Tag Archives: Lucille Ball

Marg Delahunty returns to T.O., Meryl & Julia move to Osage County and Jim makes more Mostel magic

NO BIZ LIKE SHOW BIZ:  Savvy scene-stealer Mary Walsh returns to Toronto next month in her new one-woman play, Dancing With Rage. The show, set to run March 6-31 at Theatre Passe Muraille,  incorporates both new

WALSH: Marg Delahunty returns to T.O.

and  familiar faces, most notably 22 Minutes alumni Dakey Dunn, Connie Bloor and the legendary Marg Delahunty. Walsh’s last stage stint here was almost two years ago, at the Panasonic with Andrea Martin and Louise Pitre in Love, Loss and What I Wore, directed by Karen Carpenter. Carpenter is also directing Dancing With Rage and she and Walsh still have to decide if they’ll tour the show after it closes here … Meryl Streep and Julia Roberts are set to co-star in the film version of Tracy Letts’ Pulitzer Prize-winning August: Osage County. John Wells will direct …  the cast of Ghost will perform a sneak peek of the

STREEP & ROBERTS: Osage County gals

show on Jimmy Fallon’s late show tonight before the West End musical hit even begins its Broadway previews … and  remember Slings  & Arrows, the brilliant take-off on Stratford and its oh-so-theatrical inhabitants?  Paul GrossMartha Burns and Stephen Ouimette were sensational, and newcomers Rachel McAdams and Luke Kirby weren’t too shabby either. New York Times writer Neil Genzlinger recently suggested that NBC’s much-ballyhooed Smash should avoid dumbing down its storylines and aim higher. “The writers,” he said, “would also benefit from watching a few seasons of Slings & Arrows, a terrific backstage television series that was smart and proud of it,” he advised. Challenging viewers “to keep up, as Slings and Arrows did, is ultimately more rewarding.”

UP UP AND AWAY: On a clear you can see --- whaaa??

IF YOU GET CAUGHT BETWEEN THE SUN AND NEW YORK CITY:  It was just a publicity stunt for the new sci-fi movie Chronicle, written and directed by director John Landis’ chip-off-the-old block Max. But it sure got people talking. To see how they did it, cick here.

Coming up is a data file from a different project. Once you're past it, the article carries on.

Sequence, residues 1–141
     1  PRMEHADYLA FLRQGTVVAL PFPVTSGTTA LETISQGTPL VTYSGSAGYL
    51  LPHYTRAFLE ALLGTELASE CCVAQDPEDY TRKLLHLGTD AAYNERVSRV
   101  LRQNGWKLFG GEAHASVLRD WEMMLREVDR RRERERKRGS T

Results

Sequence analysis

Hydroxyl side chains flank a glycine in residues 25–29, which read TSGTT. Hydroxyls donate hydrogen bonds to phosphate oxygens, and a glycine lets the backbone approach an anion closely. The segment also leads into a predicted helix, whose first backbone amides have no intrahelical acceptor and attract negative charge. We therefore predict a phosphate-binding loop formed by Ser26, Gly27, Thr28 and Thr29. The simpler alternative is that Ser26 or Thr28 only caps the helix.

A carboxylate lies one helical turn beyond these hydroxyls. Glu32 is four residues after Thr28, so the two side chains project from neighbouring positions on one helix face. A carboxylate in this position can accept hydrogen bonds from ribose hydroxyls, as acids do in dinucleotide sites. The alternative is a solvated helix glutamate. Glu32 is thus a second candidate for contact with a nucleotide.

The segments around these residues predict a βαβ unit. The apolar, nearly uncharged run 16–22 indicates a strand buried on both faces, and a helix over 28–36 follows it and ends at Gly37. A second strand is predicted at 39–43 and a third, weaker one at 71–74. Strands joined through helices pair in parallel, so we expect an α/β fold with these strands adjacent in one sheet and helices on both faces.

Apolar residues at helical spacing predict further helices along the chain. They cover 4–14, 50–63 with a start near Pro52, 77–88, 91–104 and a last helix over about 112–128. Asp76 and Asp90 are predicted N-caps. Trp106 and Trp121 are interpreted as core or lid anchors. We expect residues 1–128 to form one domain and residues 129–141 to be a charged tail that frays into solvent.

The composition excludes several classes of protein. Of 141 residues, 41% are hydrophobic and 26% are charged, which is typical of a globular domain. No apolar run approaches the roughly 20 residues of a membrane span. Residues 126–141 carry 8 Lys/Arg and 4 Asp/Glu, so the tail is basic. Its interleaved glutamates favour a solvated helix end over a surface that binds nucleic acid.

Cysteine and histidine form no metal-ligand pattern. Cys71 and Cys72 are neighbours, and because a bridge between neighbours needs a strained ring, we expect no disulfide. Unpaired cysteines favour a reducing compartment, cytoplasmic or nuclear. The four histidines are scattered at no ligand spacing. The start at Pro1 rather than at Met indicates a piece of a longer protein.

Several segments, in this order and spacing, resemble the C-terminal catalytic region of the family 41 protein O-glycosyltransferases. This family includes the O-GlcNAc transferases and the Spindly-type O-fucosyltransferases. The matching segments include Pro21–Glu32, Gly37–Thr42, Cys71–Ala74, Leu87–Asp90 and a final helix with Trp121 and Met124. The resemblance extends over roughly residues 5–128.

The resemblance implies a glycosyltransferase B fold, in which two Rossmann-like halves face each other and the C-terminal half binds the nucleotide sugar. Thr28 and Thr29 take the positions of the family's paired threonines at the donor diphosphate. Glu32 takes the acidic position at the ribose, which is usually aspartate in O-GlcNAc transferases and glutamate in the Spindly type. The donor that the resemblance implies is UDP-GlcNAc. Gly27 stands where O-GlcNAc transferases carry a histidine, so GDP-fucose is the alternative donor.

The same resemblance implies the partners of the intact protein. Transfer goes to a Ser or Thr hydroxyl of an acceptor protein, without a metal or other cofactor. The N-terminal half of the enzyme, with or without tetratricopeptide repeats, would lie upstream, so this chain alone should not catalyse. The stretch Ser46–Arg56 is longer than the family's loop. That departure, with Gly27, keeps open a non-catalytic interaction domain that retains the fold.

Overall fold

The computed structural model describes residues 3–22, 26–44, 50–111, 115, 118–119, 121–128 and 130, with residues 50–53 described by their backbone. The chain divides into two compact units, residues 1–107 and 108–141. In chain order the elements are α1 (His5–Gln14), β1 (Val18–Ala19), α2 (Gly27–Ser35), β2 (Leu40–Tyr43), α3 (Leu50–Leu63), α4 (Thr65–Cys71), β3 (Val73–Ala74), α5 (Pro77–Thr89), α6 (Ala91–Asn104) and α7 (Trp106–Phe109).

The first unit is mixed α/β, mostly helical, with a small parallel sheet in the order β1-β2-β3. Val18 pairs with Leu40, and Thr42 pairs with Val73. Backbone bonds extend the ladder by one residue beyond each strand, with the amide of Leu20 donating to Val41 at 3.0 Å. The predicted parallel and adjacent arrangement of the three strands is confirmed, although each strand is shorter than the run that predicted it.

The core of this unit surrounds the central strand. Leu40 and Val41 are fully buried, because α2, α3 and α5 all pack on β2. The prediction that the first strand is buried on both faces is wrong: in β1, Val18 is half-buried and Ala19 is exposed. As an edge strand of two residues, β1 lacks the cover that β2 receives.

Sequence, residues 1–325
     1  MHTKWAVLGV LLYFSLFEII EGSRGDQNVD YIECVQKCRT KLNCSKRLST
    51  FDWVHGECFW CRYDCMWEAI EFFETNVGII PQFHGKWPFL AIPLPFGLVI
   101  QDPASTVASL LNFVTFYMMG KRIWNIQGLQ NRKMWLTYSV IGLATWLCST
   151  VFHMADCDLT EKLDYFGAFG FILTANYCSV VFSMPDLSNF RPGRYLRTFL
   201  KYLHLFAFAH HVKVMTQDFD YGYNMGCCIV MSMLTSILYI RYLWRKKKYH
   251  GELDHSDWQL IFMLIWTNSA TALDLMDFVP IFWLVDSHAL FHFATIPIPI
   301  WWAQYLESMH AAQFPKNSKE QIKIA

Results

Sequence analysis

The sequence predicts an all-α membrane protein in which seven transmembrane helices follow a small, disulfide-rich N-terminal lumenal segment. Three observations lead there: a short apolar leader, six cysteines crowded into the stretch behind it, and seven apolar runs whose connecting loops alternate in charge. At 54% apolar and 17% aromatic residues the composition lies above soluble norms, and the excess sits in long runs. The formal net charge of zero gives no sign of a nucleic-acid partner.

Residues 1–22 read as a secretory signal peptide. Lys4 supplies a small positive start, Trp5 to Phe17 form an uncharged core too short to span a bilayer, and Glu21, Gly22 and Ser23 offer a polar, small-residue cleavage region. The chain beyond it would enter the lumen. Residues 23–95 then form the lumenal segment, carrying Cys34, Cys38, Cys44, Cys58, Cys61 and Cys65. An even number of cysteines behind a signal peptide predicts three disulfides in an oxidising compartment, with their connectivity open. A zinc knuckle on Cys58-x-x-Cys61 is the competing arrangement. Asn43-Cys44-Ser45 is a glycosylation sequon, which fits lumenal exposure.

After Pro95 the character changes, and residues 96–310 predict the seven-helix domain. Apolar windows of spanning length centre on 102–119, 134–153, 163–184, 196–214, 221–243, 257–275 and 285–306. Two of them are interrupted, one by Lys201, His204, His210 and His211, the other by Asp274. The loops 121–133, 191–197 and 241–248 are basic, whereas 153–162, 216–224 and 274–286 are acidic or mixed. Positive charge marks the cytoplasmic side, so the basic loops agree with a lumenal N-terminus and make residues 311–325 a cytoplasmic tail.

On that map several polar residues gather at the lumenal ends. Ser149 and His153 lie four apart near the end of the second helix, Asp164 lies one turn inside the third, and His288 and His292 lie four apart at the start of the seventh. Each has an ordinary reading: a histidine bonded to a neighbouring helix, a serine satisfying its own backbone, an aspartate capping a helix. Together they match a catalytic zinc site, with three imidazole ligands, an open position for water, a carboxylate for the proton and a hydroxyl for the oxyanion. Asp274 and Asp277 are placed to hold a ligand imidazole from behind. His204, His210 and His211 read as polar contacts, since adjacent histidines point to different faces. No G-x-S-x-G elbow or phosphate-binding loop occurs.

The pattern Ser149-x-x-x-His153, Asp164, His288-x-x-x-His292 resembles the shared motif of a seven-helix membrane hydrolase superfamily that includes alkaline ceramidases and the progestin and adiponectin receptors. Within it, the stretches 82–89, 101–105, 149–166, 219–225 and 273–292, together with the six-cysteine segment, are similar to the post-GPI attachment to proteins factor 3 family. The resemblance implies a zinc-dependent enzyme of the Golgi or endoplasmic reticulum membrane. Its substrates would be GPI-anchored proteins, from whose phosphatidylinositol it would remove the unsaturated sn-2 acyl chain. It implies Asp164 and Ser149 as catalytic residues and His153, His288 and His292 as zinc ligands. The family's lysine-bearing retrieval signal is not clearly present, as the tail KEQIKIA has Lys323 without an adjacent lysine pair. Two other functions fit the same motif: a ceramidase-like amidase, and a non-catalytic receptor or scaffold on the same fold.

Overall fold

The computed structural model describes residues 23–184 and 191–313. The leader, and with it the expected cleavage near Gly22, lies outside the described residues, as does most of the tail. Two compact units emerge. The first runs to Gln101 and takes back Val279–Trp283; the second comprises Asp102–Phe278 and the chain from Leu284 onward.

A BRIDGE TOO FAR: Unless you're flying over it, of course ...

NOW IS THE HOUR:  Finally caught up with Jim Brochu‘s much acclaimed performance in Zero Hour, and although I didn’t see how his one-man show could live up to its advance publicity, it easily surpassed it. In addition to being an

BROCHU as MOSTEL: brilliant

extraordinarily disciplined and gifted actor, Brochu is also a brilliant writer and storyteller who is never less than engaging, so you don’t have to be a rabid fan of Zero Mostel to be captivated by his reconstituted presence on stage. I know several long-term admirers of Mostel who have been wowed by Brochu’s tour de force, and after seeing him in action, I can certainly understand why. His personal revelations, including Mostel’s bitter estrangement from his family, are tough and touching. His backstage stories, from his account of Lucille Ball testifying to the House Committee on Un-American Activities to his palpable loathing for

HANGING OUT: Merman & Brochu at Sardi's

Broadway blabbers Elia Kazan and Jerome Robbins, are unforgettable. The Zero Mostel we prefer to remember is the lovable clown from The Producers, the madcap jester from A Funny Thing Happened Our The Way To The Forum, the Jewish patriarch who wished he was A Rich Man in Fiddler On The Roof. But Brochu is a true creature of the theatre — his caricature hangs next to Ethel Merman’s at Sardi’s — and accordingly the artist Brochu reincarnates for us has to fight to be in the spotlight. Zero only gets to star in Forum because first choice Milton Berle and second choice Phil Silvers both turn it down. And although his portrayal of Tevye is burned into the heart of Broadway memory, he was third choice for that one too. (First name on the Fiddler producers’ wish list was Danny Kaye.)

JIM BROCHU as ZERO MOSTEL in ZERO HOUR at Bathurst Street Theatre